On Friday, July 16, Shepherd spoke about her experience being a guest on the show. She told People magazine, “I had a wonderful time on ‘Friends.’ I really did. They were so really, really wonderful.”
But one thing that didn’t quite sit right with her about the show was the lack of diversity. She said what made it confusing was that the show was “set in New York.” She further explained, “I’ve lived in New York for nine years and I always saw diversity. All the time. When you walk down the street, you got to be in a bubble not to see how inclusive New York City is. It is one of the most inclusive, diverse cities I’ve ever been to.”
The former “The View” host added, “that was a little bit hard to see a show where nobody looked like me.”
In a 1998 “Friends” episode, Shepherd played a museum tour guide named Rhonda. In the particular episode, Joey Tribbiani, a main character, meets Rhonda after getting a job as a tour guide at the same museum where his friend Ross works as a paleontologist. However, a division is created between the paleontologists, who wore white coats, and the tour guides, who wore blue blazers, because of their job status.
Later in the episode, Ross advised his colleagues to “shed these coats that separate us, [so] we [can] get to know the people underneath.” He then proceeded to throw off his coat, and share an embarrassing fact about himself, which prompted his other colleagues to do it. A few people went and when it was Rhonda’s turn she threw off her blazer and said, “I’m Rhonda and these aren’t real,” referring to her breasts.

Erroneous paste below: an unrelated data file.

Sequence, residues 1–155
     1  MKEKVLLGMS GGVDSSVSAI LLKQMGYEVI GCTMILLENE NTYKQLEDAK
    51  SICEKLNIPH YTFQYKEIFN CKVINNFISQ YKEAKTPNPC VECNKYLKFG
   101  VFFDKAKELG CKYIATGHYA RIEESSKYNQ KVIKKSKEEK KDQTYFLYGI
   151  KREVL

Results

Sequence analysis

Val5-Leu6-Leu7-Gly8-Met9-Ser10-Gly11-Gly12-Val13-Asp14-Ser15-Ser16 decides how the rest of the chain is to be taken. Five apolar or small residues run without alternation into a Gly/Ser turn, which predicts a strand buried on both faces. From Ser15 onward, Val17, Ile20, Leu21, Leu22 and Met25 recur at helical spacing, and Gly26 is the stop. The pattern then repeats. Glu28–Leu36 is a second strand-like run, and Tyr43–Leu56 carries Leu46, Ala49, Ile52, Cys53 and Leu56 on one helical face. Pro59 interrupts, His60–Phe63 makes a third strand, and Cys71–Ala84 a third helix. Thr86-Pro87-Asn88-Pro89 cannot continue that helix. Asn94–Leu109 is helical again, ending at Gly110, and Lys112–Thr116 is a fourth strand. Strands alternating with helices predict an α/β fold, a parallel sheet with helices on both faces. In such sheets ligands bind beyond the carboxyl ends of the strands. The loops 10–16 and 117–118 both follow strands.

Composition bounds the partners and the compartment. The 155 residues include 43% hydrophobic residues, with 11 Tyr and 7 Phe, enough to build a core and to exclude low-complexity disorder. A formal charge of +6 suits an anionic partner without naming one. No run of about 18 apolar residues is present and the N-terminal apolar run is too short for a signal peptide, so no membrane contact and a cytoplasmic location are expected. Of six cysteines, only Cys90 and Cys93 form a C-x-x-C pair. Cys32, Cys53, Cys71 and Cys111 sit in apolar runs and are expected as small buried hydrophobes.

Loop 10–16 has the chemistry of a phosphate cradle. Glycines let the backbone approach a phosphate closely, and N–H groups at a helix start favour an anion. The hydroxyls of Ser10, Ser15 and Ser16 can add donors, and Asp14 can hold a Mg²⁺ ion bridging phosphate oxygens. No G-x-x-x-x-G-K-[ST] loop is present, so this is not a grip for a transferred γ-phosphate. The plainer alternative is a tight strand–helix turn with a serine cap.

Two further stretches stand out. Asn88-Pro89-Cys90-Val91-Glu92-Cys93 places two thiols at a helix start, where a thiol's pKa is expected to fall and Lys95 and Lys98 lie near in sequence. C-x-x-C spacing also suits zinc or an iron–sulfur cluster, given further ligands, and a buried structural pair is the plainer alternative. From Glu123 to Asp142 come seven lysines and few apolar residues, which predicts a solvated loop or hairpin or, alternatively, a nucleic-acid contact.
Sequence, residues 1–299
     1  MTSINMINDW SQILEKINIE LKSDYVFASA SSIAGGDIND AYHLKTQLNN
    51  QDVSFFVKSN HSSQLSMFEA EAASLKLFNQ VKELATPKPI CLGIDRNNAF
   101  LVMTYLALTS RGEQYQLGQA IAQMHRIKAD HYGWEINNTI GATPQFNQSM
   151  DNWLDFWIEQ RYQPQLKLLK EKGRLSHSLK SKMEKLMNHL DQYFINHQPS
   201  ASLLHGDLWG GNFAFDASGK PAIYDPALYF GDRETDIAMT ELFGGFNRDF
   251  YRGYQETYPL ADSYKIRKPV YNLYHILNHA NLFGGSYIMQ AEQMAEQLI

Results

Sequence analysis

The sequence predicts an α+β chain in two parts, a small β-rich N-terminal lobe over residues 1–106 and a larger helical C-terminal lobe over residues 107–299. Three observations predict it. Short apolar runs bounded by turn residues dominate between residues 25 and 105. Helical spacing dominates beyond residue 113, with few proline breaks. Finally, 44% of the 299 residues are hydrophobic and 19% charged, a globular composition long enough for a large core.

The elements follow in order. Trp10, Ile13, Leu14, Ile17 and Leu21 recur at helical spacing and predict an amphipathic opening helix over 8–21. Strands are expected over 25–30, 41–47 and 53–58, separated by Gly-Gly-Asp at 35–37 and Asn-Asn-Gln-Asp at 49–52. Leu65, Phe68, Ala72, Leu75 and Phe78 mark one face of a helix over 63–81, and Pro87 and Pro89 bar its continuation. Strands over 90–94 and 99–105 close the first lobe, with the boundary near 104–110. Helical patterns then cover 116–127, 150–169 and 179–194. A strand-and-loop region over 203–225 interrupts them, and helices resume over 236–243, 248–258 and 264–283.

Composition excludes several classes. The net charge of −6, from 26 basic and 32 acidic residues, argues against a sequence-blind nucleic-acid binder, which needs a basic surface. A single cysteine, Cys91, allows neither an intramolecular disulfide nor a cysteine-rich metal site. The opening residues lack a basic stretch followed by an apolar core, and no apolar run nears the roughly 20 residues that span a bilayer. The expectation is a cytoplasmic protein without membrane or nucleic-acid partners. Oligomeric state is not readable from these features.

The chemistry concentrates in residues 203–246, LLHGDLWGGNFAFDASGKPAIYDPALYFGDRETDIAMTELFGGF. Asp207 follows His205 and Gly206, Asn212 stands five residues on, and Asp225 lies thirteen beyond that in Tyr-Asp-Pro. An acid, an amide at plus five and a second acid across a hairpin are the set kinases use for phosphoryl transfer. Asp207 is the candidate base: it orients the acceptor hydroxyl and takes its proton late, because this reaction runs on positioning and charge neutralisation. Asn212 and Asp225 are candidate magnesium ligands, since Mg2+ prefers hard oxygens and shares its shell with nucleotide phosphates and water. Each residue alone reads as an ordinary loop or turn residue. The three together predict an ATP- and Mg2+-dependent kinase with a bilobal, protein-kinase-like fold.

The line was a memorable hit, and Shepherd told People, “The crowd went crazy. It was one of their top 10 favorites for a long time.” The 54-year-old explained that the executive producers told her she did such a great job and that she would be invited back, but that she never was. To this day, she said, “if I ever do run into [the producers], I’ll tell them what a great time I had, and ask, ‘Did I offend anybody?’ Because I would have loved to have come back. It was a great experience.”
Last year, pop culture commentator Jawn Murray explained — with the permission of Shepherd, his friend — the reason she believes she did not get a callback. When she was on the show she sent out what was supposed to be a funny postcard to her friends, letting them know she would be on TV. On the postcard, she wrote, “ ‘Friends’ get a little colour.” But she accidentally also sent the postcard to “Friends” co-creator Marta Kauffman.
Although she might have felt a way at the time, today Kauffman seems remorseful about not having more people of color included on her shows in the early days. Last year, in an interview with Deadline, she said, “I wish I knew then what I knew today, I would have made very different decisions. We’ve always encouraged people of diversity in our company, but I didn’t do enough. Now all I can think about is what can I do, what can I do differently. How can I run my show in a new way? That’s something I wish I knew when I started showrunning but all the way up through last year.”